Should be a "sticky" situation...........HA!


My husband compained about the sticky kitchen...right up until I caught him in this position:


Uploaded with ImageShack.us

That's peanut butter toast he's holding under that line of honey!

He hasn't said a word since!   grin
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Michael Bush
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« Reply #14 on: May 11, 2011, 08:42:09 AM »

It's like buying a new car.  You can't justify it with only a few hives.  But if you want to spend the money, go for it.

"All this seems obvious enough, and yet time after time I have seen novice beekeepers, as soon as they had built their apiaries up to a half dozen or so hives, begin to look around for an extractor. It is as if one were to establish a small garden by the kitchen door, and then at once begin looking for a tractor to till it with. Unless then, you have, or plan eventually to have, perhaps fifty or more colonies of bees, you should try to resist looking in bee catalogs at the extractors and other enchanting and tempting tools that are offered and instead look with renewed fondness at your little pocket knife, so symbolic of the simplicity that is the mark of every truly good life." --Richard Taylor, The Comb Honey Book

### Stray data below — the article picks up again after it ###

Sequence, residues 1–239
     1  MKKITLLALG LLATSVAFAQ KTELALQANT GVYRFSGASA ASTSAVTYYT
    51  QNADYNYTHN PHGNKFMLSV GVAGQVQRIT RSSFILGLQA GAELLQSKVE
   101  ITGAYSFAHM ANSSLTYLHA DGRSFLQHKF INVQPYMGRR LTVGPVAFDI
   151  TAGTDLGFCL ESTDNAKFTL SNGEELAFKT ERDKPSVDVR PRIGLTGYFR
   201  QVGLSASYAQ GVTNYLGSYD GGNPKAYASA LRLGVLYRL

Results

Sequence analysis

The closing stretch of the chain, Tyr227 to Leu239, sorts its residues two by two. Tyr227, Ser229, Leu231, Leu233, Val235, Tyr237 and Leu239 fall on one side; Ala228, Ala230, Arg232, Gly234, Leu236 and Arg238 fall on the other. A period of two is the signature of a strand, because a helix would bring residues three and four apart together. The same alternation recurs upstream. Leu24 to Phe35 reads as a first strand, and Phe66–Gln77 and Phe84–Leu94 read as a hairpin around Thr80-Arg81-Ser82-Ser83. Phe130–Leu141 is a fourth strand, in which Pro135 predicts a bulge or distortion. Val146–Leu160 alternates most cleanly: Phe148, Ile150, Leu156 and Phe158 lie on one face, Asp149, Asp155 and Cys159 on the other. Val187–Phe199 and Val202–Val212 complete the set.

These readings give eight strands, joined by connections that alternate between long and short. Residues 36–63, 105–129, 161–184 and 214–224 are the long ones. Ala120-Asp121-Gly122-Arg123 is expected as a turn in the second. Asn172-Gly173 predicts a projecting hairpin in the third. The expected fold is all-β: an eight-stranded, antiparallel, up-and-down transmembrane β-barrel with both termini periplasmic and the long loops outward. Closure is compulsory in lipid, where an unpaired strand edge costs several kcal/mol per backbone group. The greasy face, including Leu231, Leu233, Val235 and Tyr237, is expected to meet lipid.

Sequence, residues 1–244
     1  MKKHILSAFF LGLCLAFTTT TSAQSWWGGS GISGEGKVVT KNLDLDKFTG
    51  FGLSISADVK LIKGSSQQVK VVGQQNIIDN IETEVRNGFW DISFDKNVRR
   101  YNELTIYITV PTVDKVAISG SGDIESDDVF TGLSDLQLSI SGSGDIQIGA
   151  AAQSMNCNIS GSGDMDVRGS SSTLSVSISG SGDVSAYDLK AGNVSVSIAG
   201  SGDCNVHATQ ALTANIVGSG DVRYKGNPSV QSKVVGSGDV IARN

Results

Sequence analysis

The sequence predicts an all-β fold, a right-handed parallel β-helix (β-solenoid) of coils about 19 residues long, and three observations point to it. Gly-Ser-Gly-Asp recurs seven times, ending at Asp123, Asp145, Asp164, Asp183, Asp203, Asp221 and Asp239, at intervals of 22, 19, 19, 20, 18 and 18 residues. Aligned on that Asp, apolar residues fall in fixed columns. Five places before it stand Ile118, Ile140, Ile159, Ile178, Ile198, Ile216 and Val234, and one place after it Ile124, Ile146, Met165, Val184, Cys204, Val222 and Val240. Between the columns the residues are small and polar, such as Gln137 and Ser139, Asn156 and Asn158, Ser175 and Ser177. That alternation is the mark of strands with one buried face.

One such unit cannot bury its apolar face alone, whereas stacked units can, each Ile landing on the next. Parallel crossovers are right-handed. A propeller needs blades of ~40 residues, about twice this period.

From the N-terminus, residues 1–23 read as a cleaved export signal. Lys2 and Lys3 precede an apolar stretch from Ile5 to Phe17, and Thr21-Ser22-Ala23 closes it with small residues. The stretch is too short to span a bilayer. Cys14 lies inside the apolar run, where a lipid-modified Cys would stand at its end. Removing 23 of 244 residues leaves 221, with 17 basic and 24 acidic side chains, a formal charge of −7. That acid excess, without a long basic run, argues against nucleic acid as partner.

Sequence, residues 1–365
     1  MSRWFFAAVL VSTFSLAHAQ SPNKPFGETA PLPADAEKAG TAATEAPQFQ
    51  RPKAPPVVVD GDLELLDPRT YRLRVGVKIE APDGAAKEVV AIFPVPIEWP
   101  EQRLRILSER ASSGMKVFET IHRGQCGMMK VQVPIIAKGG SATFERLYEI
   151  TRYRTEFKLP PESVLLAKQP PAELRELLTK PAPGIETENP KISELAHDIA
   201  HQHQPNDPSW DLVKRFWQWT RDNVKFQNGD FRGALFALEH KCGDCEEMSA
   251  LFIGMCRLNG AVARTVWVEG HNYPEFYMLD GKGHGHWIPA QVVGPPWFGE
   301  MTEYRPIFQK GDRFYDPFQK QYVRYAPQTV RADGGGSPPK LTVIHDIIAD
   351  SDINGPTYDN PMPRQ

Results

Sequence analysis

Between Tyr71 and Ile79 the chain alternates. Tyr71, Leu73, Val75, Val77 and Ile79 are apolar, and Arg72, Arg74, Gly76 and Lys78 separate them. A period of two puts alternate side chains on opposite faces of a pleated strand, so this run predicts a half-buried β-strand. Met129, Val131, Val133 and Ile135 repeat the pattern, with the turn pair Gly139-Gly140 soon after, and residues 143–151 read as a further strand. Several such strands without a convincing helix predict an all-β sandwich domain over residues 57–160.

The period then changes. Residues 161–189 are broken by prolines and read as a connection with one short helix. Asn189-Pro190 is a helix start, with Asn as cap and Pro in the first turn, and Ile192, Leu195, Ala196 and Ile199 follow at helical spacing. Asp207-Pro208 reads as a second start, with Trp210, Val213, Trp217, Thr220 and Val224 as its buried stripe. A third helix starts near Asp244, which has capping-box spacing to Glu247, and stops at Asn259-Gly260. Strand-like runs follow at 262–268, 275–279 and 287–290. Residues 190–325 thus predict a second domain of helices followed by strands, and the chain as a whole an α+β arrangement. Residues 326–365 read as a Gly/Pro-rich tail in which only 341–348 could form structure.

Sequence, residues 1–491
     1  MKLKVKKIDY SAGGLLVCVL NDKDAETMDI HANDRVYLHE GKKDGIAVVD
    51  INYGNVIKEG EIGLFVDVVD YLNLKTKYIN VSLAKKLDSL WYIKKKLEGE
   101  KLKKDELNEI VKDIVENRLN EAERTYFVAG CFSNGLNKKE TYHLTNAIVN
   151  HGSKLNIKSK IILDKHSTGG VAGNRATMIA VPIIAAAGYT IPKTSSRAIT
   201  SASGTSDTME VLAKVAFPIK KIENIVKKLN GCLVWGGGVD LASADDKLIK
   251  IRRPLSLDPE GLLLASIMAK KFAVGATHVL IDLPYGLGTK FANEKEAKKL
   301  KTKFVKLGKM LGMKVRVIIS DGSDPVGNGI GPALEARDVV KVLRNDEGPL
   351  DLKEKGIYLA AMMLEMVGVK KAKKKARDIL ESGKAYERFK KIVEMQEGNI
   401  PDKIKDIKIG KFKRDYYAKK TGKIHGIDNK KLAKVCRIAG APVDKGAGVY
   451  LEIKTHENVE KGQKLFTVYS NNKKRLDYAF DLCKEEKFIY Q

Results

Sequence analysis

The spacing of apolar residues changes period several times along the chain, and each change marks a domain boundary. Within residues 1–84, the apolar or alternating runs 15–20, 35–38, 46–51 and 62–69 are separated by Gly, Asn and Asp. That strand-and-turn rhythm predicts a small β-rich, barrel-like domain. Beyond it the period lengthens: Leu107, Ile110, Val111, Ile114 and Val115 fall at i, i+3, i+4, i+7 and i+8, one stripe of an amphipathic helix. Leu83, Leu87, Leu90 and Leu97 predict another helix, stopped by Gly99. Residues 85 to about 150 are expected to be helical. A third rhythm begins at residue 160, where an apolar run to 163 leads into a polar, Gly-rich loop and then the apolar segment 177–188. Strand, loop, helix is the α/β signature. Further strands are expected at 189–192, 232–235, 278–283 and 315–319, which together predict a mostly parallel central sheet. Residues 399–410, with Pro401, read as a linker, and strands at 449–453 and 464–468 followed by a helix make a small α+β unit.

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ziffabeek
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« Reply #15 on: May 11, 2011, 08:53:55 AM »

Alicia - that is priceless!  HA!

love,
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zzen01
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« Reply #16 on: May 11, 2011, 10:53:40 AM »

Keep ALL of your receipts and you can take it off of next year's taxes.
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« Reply #17 on: May 11, 2011, 11:02:13 AM »

I just think you are so far ahead of the game with drawn comb to reuse  than if you crushed and strained every year.
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iddee
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« Reply #18 on: May 11, 2011, 11:30:49 AM »

Richard Taylor is right, but I do have an 8 X 16 foot garden, a small ford gas tractor, and a large ford diesel tractor.   rolleyes  rolleyes grin  grin
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Mason
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« Reply #19 on: May 11, 2011, 11:44:21 AM »